“Ghost in The Shell” puts Asian American Actors in A Box

As if whitewashing was enough of an issue now we have white actors defending their decision to tell a story that is not theirs.

Whitewashing as a topic of conversation is back on this rise thanks to Scarlett Johansson. Scarlett Johansson has been cast as Major Mira Killian in Ghost in a Shell. Ghost in The Shell recently debuted as of March 31, 2017 and people haven’t stayed quiet about Johansson’s character. The character Major Mira Killian has appeared more than once throughout the entertainment industry. She has appeared in literature, television, a video game, an animated film, and now a live action film. The only difference from the recent film and the rest of the work is that it is not played by an Asian American actor for the first time. This has caused a massive controversy considering the role Scarlett Johansson, a white actress, is playing is known for being an Asian American. The controversy began due to a press photo that was released which displays Johansson as the character. The uproar was because it showed Johansson as the character, and anime fans who have followed this story for a while were finally hit with the real life fact, that their beloved heroin would be played by a white actress. Representation is so important and now a character already people have connected with and love is being replaced by someone who is telling a story and history that is not theirs to tell. Hollywood has always been accused of whitewashing their movies, this just adds another element to it. Scarlett Johansson has recently broken her silence about this and called it “an important role for women”. She believes she did not take the role from another actor, she thinks it is a rare opportunity to have a female as the protagonist.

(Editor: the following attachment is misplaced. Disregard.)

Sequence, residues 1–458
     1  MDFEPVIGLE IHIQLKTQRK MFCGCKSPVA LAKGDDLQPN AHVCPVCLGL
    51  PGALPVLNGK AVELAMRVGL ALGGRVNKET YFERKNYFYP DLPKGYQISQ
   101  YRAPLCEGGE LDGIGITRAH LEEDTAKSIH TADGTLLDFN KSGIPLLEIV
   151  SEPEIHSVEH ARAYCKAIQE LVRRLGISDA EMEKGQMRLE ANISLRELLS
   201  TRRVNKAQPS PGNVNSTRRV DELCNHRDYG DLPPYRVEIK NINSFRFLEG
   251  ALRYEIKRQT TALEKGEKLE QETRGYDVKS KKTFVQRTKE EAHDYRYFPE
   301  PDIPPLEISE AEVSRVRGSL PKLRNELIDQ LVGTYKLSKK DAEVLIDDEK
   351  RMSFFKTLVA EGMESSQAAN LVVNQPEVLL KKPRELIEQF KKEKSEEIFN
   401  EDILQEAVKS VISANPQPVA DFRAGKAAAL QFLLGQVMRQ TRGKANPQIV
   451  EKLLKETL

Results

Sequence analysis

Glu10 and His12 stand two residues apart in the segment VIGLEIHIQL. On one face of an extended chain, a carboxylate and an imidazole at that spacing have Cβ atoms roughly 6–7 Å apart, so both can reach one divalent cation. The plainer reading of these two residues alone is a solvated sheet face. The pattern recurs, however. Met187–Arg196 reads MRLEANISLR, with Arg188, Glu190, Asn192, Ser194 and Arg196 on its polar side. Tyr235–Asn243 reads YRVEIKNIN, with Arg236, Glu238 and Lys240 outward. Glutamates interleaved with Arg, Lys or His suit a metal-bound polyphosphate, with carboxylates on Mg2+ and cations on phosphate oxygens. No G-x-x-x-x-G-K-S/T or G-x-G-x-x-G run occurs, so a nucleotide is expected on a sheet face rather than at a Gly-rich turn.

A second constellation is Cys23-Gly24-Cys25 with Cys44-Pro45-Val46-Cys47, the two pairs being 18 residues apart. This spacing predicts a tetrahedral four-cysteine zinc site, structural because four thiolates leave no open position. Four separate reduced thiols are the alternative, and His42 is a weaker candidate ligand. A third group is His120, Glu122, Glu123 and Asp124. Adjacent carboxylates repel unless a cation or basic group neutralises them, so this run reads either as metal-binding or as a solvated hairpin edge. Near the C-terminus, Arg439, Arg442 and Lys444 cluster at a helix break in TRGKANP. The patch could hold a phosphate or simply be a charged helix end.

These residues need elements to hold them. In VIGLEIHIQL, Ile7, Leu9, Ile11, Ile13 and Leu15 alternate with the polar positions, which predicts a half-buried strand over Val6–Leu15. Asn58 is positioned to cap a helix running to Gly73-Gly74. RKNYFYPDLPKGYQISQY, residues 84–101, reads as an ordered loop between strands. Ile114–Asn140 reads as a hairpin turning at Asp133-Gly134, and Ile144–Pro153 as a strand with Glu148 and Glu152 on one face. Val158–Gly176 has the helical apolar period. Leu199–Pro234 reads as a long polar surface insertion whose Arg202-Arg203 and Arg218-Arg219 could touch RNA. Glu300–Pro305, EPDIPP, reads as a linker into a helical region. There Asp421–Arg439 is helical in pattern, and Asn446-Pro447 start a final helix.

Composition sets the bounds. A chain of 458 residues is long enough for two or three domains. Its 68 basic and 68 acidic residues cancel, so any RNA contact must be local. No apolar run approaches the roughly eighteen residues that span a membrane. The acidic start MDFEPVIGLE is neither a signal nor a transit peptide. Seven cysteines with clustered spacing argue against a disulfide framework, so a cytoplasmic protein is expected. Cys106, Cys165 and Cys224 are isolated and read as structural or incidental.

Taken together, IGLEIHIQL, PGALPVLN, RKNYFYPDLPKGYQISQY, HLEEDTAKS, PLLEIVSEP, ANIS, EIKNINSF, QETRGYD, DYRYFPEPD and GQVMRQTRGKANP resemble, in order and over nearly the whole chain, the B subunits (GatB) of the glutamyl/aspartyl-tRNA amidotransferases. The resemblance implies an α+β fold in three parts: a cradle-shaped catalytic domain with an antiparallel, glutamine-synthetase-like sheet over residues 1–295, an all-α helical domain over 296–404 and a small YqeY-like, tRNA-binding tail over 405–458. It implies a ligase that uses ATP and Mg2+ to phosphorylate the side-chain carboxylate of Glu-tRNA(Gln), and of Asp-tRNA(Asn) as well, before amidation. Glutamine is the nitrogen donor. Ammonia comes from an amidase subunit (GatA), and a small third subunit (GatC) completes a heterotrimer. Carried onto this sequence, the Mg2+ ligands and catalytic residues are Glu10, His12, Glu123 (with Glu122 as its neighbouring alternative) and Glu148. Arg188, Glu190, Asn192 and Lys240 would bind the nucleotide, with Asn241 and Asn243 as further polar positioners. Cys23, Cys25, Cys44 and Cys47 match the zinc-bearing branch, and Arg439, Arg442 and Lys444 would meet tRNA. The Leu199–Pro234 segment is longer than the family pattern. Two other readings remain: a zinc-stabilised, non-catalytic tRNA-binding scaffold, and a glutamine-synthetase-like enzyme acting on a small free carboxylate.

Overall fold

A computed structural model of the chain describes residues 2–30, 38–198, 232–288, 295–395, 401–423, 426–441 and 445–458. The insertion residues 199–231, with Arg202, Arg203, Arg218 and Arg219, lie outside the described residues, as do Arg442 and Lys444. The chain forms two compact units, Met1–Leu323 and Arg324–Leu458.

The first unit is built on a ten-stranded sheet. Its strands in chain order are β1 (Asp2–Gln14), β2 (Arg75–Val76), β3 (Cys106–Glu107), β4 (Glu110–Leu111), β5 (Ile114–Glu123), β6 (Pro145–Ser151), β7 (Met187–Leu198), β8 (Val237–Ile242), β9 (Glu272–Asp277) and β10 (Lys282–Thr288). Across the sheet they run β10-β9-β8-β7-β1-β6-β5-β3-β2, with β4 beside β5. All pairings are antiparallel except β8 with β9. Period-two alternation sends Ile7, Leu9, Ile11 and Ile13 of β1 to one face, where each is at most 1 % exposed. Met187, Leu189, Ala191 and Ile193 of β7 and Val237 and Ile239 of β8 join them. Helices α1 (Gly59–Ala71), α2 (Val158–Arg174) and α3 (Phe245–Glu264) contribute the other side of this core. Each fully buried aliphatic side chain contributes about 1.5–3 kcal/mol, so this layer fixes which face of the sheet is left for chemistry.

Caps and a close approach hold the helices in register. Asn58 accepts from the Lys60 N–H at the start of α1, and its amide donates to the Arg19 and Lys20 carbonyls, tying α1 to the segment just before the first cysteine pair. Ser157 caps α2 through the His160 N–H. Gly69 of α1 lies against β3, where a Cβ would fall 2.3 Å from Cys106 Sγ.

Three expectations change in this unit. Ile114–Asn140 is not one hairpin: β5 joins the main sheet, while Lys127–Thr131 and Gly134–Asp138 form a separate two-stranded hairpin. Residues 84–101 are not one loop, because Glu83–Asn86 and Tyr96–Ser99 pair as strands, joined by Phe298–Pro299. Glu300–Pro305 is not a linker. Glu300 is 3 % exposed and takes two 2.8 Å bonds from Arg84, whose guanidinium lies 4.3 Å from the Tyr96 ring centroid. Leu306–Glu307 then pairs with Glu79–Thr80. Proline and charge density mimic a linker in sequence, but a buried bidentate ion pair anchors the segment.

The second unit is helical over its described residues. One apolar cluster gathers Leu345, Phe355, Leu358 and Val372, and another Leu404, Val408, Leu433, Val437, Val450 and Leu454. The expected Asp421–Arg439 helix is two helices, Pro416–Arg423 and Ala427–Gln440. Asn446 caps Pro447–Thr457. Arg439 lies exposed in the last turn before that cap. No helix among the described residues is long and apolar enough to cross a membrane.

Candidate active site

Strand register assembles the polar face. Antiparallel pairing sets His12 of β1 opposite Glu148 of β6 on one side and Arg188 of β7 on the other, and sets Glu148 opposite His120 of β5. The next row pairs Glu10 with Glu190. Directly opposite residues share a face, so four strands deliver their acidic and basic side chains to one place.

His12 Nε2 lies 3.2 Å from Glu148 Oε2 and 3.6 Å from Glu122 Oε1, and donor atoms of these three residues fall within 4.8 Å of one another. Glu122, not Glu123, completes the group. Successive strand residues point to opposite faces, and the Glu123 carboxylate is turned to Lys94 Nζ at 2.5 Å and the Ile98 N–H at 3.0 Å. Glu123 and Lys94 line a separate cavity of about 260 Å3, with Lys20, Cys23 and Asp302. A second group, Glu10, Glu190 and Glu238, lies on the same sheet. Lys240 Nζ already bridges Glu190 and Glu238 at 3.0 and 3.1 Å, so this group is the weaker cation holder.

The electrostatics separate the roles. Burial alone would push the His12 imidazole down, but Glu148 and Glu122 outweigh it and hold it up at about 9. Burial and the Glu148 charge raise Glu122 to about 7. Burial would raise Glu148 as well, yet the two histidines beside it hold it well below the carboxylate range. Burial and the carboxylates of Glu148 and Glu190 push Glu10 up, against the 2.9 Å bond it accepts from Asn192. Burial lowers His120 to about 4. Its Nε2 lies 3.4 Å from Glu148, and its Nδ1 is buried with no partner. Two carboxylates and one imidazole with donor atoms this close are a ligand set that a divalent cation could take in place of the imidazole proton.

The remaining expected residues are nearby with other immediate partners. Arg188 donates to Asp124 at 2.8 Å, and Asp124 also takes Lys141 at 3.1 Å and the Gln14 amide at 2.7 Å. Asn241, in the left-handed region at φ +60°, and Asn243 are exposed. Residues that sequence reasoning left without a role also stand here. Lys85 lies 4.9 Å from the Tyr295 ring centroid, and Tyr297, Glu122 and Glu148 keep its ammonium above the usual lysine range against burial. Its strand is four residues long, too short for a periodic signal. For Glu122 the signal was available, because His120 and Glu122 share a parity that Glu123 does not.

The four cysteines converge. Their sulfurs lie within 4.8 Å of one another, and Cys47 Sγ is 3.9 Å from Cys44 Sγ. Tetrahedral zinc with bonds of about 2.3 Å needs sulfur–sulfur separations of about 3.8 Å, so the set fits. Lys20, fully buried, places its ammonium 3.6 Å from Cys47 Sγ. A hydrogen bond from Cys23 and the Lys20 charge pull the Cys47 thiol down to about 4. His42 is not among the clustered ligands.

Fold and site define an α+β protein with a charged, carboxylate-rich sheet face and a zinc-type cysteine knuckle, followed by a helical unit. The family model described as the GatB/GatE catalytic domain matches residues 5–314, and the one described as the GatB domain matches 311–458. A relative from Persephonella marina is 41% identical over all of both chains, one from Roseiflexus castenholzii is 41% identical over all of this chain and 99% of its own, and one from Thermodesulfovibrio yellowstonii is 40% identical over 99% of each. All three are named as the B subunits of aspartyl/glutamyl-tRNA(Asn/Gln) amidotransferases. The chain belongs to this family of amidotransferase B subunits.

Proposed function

Johansson broke her silence on this issue with the following statement:

“Diversity is important in Hollywood, and I would never want to feel like I was playing a character that was offensive,” Johansson said. “Also, having a franchise with a female protagonist driving it is such a rare opportunity. Certainly, I feel the enormous pressure of that — the weight of such a big property on my shoulders.”

Calling it a film for women does not make it any less of an act of whitewashing. An Asian American could have done everything Johansson did, and could do the role justice. Putting actors in a box and making them smaller roles in film doesn’t help anyone. In today's world many have been saying that media might be a last hope for encouraging diversity. Well, we're not off to a good start. People are speaking out and saying there should be no excuse for taking a role and telling a story that is not Johansson's to tell. There are numerous roles for powerful women throughout film, but are enough of them Asian American women? There are many powerful white women in film, but we need more empowering roles for Asian American women! Instead of blaming an important topic on needing more empowering roles, the industry just needs to adjust the way they cast and they way they treat Asian American Actors. It’s time to change the norms and give credit where it is deserved. As a straight white women living in New York City it isn’t hard for me to be represented by Hollywood unlike it is for Asian American women and that is a conflict. White actors, and Hollywood itself, need to check their privilege. A lot of reports of whitewashing in the entertainment industry have used the excuse that it is an important role for women, but I think we stop using women as an excuse for whitewashing Asian American actors. They are constricted to what they can and can’t do. This is a time for change, it is time to realize that diversity is so important. The entertainment industry needs to wake up and come to realize that now more than ever is time for change.

A recent petition has been making its way to headlines revolving directly around this issue. It is stated in the petition that in 2013 only 4.4% of Asian American actors had a speaking roles. It also claims that they request that an Asian American actor to replace Scarlett Johansson. The people fighting this battle are not being stopped. A petition to stop whitewashing Asian American actors has been signed by over 105,000 people and sent to Dreamworks. Unfortunately, even 105,000+ people doesn’t phase Dreamworks as they have completely ignored the petitions existence. Some say that Dreamworks ignoring this petition is really similar to the way they ignore Asian American Actors, and they’re not wrong. Despite Dreamworks talents for ignoring anyone who can sign, should.

The success or failure of this film should really come down to Scarlett’s decision to play this role instead of how well she plays it. Now more than ever the entertainment industry should pride itself on diversity. This film is a step in the wrong direction. This issue has been ongoing and is far from over, but it's a battle worth fighting.